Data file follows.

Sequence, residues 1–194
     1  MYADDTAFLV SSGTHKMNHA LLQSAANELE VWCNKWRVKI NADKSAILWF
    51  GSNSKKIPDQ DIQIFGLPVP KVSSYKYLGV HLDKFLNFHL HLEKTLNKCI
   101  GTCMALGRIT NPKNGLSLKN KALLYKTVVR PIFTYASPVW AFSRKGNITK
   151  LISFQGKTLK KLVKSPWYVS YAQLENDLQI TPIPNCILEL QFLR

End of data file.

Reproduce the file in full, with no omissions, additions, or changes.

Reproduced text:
Sequence, residues 1–194
     1  MYADDTAFLV SSGTHKMNHA LLQSAANELE VWCNKWRVKI NADKSAILWF
    51  GSNSKKIPDQ DIQIFGLPVP KVSSYKYLGV HLDKFLNFHL HLEKTLNKCI
   101  GTCMALGRIT NPKNGLSLKN KALLYKTVVR PIFTYASPVW AFSRKGNITK
   151  LISFQGKTLK KLVKSPWYVS YAQLENDLQI TPIPNCILEL QFLR